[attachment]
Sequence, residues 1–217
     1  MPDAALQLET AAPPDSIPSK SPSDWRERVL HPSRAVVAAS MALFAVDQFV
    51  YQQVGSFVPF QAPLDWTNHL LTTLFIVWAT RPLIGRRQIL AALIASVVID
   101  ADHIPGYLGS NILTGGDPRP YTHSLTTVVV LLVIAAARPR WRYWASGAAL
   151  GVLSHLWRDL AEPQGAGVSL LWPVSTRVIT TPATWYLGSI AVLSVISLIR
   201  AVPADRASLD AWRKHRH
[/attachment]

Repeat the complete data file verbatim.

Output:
Sequence, residues 1–217
     1  MPDAALQLET AAPPDSIPSK SPSDWRERVL HPSRAVVAAS MALFAVDQFV
    51  YQQVGSFVPF QAPLDWTNHL LTTLFIVWAT RPLIGRRQIL AALIASVVID
   101  ADHIPGYLGS NILTGGDPRP YTHSLTTVVV LLVIAAARPR WRYWASGAAL
   151  GVLSHLWRDL AEPQGAGVSL LWPVSTRVIT TPATWYLGSI AVLSVISLIR
   201  AVPADRASLD AWRKHRH